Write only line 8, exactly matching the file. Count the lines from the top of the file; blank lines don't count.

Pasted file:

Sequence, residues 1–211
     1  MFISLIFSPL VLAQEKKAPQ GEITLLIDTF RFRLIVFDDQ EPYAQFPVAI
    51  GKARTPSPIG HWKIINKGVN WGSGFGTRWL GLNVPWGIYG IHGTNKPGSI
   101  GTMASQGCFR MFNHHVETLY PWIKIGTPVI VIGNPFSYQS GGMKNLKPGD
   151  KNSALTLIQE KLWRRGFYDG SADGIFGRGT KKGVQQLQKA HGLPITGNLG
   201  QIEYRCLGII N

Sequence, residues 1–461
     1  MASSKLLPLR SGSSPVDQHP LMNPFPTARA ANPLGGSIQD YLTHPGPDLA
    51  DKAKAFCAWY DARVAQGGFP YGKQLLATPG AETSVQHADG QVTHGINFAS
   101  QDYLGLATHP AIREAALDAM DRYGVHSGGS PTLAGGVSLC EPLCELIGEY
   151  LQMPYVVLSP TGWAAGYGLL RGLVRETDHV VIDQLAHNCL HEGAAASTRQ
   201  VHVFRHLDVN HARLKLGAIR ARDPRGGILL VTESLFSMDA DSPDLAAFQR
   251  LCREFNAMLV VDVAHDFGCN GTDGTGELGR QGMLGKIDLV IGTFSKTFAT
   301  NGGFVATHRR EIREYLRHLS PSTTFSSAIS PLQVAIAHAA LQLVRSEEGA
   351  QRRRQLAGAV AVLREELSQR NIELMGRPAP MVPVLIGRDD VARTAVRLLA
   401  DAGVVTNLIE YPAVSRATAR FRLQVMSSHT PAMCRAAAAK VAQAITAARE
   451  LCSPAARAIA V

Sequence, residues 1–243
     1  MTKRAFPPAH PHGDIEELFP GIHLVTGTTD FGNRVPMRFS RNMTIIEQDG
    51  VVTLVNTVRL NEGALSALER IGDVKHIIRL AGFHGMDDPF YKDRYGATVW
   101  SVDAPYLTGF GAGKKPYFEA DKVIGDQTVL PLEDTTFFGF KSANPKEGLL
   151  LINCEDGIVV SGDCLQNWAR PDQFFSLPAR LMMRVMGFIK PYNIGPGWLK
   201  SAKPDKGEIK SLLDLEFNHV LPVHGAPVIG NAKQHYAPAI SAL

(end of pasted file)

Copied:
     1  MASSKLLPLR SGSSPVDQHP LMNPFPTARA ANPLGGSIQD YLTHPGPDLA